On the verge of the European Central Bank's 10th anniversary, the news on inflation doesn't look good. Against the bank's target of "below but close to" 2 percent, euro-zone prices rose 3.6 percent in May, compared with the year ago, back to a historic high, data showed on Friday.

  • Asian Markets Edge Higher, Japan Climbs 1.5% Friday, 30 May 2008 | 5:05 AM ET
    A man uses his mobile phone in front of electronic stock boards at the Australian Securities Exchange (ASX Ltd.) headquarters in Sydney, Australia.

    Asian markets edged up Friday, led by exporters in Japan, as fears of a deep U.S. recession receded, but gains were capped by worries that inflation will cut into growth and lead to higher borrowing costs.

  • South Korea's Current Account Surplus at 3-Year High Thursday, 29 May 2008 | 10:41 PM ET
    Korea, Korean Flag

    South Korea's current account surplus hit a three-year high in April as exports grew faster than imports, central bank data showed on Friday, helping push the won up sharply to a fresh 3-week high against the dollar.

  • Japanese Inflation Dips, But Relief Is Temporary Thursday, 29 May 2008 | 9:32 PM ET
    Japanese Flag

    Japanese annual inflation dipped to 0.9% in April, thanks to a short-lived cut in a gasoline tax, but economists warned this would bring just temporary relief and a new decade high loomed.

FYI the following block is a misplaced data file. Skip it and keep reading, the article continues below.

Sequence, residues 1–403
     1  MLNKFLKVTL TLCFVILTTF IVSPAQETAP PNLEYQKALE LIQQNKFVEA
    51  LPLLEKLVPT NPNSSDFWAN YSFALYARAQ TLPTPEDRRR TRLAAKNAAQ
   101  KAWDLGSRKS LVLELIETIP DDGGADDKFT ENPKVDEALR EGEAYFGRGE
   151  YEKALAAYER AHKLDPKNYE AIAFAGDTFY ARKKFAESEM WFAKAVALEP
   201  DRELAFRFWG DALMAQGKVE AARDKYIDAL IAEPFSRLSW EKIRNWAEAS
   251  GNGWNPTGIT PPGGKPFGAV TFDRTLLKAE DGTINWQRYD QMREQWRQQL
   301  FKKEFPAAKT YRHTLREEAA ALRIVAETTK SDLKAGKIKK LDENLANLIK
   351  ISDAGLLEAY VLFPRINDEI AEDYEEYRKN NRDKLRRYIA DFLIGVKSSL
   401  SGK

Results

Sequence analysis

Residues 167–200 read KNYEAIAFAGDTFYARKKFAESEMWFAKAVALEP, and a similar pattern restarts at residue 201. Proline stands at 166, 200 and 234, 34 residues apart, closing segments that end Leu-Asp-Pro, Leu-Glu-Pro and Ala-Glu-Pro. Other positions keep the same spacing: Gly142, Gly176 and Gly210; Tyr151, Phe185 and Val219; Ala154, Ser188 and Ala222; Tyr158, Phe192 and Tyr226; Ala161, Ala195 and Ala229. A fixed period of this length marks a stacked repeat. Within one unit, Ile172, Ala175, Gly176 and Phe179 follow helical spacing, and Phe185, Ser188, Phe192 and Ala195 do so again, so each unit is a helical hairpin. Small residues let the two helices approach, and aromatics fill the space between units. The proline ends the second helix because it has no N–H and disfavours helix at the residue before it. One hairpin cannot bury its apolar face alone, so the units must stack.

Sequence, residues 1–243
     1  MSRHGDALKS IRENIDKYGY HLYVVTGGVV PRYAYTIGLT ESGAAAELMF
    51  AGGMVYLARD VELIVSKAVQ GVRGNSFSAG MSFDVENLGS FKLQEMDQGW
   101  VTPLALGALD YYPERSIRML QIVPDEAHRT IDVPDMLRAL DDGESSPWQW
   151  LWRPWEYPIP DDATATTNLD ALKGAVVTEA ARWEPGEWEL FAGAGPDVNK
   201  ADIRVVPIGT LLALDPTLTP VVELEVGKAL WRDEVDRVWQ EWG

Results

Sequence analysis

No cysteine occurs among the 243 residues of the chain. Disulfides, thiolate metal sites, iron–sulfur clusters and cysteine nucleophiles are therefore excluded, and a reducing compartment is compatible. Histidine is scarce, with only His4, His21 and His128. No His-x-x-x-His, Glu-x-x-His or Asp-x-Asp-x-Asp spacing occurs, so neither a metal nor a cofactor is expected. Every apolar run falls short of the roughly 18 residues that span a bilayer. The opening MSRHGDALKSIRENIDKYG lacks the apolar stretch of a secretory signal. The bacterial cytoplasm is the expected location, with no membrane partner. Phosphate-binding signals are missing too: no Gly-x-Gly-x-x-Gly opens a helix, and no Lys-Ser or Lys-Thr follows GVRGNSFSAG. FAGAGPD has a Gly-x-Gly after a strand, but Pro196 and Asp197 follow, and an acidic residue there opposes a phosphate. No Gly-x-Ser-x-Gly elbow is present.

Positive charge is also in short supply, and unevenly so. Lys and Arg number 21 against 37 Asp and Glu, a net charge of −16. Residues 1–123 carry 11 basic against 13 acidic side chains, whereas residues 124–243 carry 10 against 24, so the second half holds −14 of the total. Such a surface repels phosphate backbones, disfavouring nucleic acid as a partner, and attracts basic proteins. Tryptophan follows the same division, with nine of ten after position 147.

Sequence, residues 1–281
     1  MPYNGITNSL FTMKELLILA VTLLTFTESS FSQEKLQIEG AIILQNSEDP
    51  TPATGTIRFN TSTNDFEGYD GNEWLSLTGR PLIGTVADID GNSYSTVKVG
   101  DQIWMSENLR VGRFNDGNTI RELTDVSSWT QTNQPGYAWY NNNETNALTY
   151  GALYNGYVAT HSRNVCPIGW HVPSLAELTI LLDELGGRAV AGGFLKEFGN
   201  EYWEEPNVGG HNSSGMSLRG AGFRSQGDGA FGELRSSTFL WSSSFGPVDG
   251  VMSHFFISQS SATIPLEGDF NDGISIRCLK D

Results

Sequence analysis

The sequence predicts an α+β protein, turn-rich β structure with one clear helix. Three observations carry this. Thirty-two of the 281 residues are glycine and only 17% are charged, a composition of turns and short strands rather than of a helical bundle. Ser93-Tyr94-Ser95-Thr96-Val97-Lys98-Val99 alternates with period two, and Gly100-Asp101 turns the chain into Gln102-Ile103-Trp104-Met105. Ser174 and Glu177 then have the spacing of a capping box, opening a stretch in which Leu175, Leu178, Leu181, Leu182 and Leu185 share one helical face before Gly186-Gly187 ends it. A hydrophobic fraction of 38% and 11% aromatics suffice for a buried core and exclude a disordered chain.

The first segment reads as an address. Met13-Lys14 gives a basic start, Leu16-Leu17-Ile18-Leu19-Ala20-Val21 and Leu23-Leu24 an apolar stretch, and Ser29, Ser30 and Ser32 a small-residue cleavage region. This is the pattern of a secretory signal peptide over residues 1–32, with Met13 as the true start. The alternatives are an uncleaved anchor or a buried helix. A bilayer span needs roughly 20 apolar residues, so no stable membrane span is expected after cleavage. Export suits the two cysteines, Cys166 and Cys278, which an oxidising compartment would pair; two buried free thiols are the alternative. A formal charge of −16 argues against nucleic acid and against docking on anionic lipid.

• Market Insider: Friday Look Ahead Thursday, 29 May 2008 | 8:51 PM ET

    Stocks could close out the month of May with a tailwind, particularly if the commodities sell off continues.

  • Manufacturing Activity in Japan Falls to 6-Year Low Thursday, 29 May 2008 | 7:32 PM ET
    Japanese Flag

    Manufacturing activity in Japan fell in May to the lowest in more than six years largely due to declining output and new orders, according to a survey issued on Friday.

  • Bulls And Bears: The Case For Both Sides Thursday, 29 May 2008 | 3:16 PM ET

    Bulls and bears are engaged in a furious fight today--bulls are emboldened because oil traders sold off oil, despite a bullish drawdown in inventory, and stock traders did not sell off the market when those bullish oil numbers came out.

  • Wall Street Job Cuts Won't Go as Deep as Feared Thursday, 29 May 2008 | 2:44 PM ET

    New York City's financial sector might only slice 15,000 to 25,000 jobs in the current downturn, which could prove shorter than the mayor has predicted, the city comptroller said on Thursday.

  • Pimco's Gross Says Rampant Inflation Here to Stay Thursday, 29 May 2008 | 2:16 PM ET

    Soaring inflation will continue to cause policy dilemmas for the Federal Reserve and other central banks as the global demand for commodities remains strong, Bill Gross, chief investment officer at PIMCO, told CNBC Thursday.

  • Energy Shares Boost Europe, Banks Slip Thursday, 29 May 2008 | 2:09 PM ET

    European stocks rose on Thursday, driven by a rally in energy shares as the price of crude oil broke back above $130 a barrel, while gains in the broader markets were tempered by fresh worries about the banking sector.